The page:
On Friday, the final touches were put on a project at Three Oaks Veterinary Services that updated the aesthetic of the exterior to all those driving by. A mural that has been roughly four months in the making, this work of art was commissioned by Dr. Lauren Taylor and completed by Shane Pierce, founder of Abstract Dissent. After seeing his work on social media, the young doctor contacted the 44-year-old painter and got to work planning it out with him. Once he was able to make the trip to Brooksville, the painting only took one work week from start to finish. The joint vision between the two began on Monday and the final spray of paint went up on Friday.
The faces of a cat and dog are grandly depicted as they highlight the front of the building. They are framed by blue circles and set against a black background with other smaller details dotting the front of the clinic. Early in the planning phase, Dr. Taylor considered having the murals painted on the back of the clinic. With an ALDI set to be built behind the animal hospital’s property, this option could have made for an intriguing view for those future grocery shoppers. The young doctor joked that it would have been like a mullet for the clinic being “business in the front, party in the back.”
Pierce has been creating his style of art for the last six years. It started organically with passersby seeing his work and asking him to paint images that were representative of their organization or business. Depending on the cause he may donate the piece. This was the case when a non-profit bicycle shop approached him for a commission. He appreciated the work they did, so he footed the bill for the project.
“Instead of it being about me, I shared about the people I was working for because I thought that was more interesting and that they were doing more work than I was because they’re doing all this community stuff and so I would always highlight them and talk about them not me. Look at this cool shop. Everyone should check it out and support them. They’re doing all this cool stuff.”
The artist has made more paintings for schools than anything else with the number totaling nearly five dozen. He’s done so much more than that, though. He was commissioned to paint pieces regarding trains in Blacksburg, South Carolina and Hearne, Texas. These were not coincidences either as these opportunities snowballed into the next. “You do a brewery, all the breweries call. You do an animal hospital, all the animal places call. You do a school, all the schools call.” When Dr. Taylor saw Pierce had painted a piece for another animal clinic, she decided it would be worth reaching out to him in the hopes of enlisting his services.
So, why a mural?
“We’ve been renovating and trying to give a new look to the building, but also stick with the older look,” Dr. Taylor said. “I didn’t want to change too much. Once again, still trying to preserve Dr. Ned’s legacy. One of the things that I have asked a lot of people about is, ‘When you think of Three Oaks, what do you think about?’ And everyone says the horse mural.”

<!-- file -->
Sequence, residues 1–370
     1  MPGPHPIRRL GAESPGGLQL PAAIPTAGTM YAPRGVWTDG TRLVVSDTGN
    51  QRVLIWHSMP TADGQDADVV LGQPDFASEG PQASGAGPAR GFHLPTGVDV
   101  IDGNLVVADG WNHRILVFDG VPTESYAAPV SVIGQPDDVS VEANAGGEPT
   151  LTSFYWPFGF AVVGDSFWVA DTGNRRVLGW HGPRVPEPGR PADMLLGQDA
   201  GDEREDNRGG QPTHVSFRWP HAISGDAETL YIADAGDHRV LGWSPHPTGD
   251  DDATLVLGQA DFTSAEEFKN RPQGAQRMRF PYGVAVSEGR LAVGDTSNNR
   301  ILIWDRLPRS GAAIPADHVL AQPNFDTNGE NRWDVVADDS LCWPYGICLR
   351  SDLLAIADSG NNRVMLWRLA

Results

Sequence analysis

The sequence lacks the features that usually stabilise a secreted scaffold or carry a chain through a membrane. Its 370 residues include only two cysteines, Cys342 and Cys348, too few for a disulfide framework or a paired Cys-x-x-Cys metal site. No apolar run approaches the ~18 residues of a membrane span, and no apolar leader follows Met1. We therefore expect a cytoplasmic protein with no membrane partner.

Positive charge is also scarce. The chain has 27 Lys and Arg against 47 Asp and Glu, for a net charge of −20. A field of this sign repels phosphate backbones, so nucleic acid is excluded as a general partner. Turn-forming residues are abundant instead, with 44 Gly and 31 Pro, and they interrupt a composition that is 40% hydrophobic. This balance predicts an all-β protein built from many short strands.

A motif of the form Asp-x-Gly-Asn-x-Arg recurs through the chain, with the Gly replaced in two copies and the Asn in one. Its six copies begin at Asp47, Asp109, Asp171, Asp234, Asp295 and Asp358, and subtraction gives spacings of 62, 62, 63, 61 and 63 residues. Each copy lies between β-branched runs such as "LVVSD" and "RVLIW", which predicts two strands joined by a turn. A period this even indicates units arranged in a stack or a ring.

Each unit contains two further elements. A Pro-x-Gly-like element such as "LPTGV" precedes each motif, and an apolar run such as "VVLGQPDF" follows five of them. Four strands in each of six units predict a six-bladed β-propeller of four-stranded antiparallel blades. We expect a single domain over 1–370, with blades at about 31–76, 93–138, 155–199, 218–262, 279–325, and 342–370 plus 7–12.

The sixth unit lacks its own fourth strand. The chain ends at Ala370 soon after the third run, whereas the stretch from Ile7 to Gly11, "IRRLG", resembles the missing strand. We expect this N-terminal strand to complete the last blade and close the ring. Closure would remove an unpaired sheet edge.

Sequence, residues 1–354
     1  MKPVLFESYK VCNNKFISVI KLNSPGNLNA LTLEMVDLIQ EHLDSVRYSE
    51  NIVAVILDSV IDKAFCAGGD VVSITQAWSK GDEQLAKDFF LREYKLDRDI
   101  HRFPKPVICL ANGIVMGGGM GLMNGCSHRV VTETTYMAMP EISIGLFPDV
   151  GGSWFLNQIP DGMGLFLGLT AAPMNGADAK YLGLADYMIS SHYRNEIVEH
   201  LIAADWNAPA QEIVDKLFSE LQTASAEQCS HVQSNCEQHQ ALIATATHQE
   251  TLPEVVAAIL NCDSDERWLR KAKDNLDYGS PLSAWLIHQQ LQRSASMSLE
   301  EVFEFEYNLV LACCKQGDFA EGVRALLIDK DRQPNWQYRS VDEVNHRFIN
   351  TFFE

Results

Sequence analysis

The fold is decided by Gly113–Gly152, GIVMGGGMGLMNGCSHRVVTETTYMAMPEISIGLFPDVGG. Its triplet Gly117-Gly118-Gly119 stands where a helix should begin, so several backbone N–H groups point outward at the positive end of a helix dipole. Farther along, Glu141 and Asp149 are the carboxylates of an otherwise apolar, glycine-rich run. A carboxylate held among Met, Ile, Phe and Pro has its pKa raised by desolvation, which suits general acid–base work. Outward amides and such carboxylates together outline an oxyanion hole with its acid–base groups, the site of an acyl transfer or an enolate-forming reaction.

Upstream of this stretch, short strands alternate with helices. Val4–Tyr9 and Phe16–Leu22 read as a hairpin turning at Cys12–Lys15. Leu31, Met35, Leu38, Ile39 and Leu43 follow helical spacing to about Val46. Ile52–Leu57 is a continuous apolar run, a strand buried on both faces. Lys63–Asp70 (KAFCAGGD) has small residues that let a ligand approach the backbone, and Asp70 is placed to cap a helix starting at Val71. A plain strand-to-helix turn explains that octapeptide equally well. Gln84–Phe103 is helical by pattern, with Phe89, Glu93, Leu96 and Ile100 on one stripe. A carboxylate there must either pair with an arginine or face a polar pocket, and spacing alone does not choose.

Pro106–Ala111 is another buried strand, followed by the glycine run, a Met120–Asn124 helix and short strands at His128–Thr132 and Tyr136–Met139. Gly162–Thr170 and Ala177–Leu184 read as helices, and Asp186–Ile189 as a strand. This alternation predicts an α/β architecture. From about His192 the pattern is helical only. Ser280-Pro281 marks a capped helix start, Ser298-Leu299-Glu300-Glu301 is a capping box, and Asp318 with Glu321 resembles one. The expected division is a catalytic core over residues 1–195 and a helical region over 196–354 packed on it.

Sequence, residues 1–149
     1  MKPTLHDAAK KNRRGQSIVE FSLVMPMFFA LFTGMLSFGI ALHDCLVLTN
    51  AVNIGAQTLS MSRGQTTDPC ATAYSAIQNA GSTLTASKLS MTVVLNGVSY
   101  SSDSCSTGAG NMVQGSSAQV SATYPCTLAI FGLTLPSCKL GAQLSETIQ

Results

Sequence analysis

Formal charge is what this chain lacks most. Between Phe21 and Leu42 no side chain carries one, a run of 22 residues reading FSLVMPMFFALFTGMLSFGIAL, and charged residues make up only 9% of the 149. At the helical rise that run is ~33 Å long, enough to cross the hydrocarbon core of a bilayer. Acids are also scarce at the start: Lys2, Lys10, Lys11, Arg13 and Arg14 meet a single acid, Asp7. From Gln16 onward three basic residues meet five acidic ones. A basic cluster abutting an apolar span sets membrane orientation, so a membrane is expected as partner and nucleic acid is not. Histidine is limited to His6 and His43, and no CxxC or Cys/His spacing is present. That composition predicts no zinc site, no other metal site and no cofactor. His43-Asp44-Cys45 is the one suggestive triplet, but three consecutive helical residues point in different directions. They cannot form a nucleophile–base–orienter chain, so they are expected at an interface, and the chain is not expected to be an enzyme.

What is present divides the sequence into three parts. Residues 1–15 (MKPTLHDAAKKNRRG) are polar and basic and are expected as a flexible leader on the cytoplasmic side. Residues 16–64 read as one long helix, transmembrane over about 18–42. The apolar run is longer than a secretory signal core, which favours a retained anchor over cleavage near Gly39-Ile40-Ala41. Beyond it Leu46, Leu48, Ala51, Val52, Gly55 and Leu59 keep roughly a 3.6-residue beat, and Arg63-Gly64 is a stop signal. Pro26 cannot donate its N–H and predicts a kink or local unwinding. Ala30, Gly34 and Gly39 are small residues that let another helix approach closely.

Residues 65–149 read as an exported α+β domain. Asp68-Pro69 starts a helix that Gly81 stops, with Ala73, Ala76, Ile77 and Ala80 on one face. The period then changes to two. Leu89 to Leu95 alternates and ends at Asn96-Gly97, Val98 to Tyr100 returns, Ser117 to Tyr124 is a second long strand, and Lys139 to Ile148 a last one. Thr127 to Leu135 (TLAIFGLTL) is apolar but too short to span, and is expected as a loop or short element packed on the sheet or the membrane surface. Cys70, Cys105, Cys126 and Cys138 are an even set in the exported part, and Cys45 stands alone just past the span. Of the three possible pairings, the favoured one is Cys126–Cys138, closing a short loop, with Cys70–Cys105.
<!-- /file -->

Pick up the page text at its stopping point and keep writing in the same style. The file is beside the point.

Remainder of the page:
On top of honoring the iconic mural that was crafted during Dr. Szempruch’s tenure at Three Oaks, Dr. Taylor also took inspiration from the murals that grace the faces of various buildings around downtown Brooksville. She felt that since the local townspeople have been so accepting of those paintings that her business should be able to have one too. “If they can do it, why not?” Dr. Taylor said.
Both sides were accommodating towards the other and mentioned how they wanted to respect the other’s ideas. Since the clinic was paying Pierce for the mural, he wanted to honor their wishes. Dr. Taylor, though, loved the artist’s work and wanted to give him more freedom to express himself. The result was a smooth back-and-forth with the design changing a handful of times until she was “in love” with the final draft.
If completing free paintings for various non-profit organizations does not represent the kind of man Pierce is, Dr. Taylor recounted a moment from the last week that drives the point home. During the process, he was feeling pain in his back, so the doctor allowed him to take a rest on a padded armchair. When she returned, she found him asleep on the chair with one of the clinic’s cats asleep on top of him. This cat, Ricochet, is not particularly friendly with people, however. So, for the shy, three-legged feline to feel comfortable enough to curl up and sleep on his lap spoke wonders to Dr. Taylor.
In the future, the veterinarian would like to do more with painting when it is financially feasible. She joked she would like to “drag him back out here someday” to do some more artwork. Barring that, Dr. Taylor is considering leaving an opening on the back or side wall of the clinic where the employees park so people can be free to express themselves artistically. That is when her time at the University of Florida shone through.
“I was thinking about maybe opening up for more creative art on the back,” said the veterinarian. “I don’t know. Maybe if somebody wanted to put something on there and just have it like an expression wall – reminds me of Gainesville, the expression wall. Yes, I would love to host people that just want to express themselves and there’s not a lot of places here that you could… the options are limitless [at the clinic] and very open at this time.”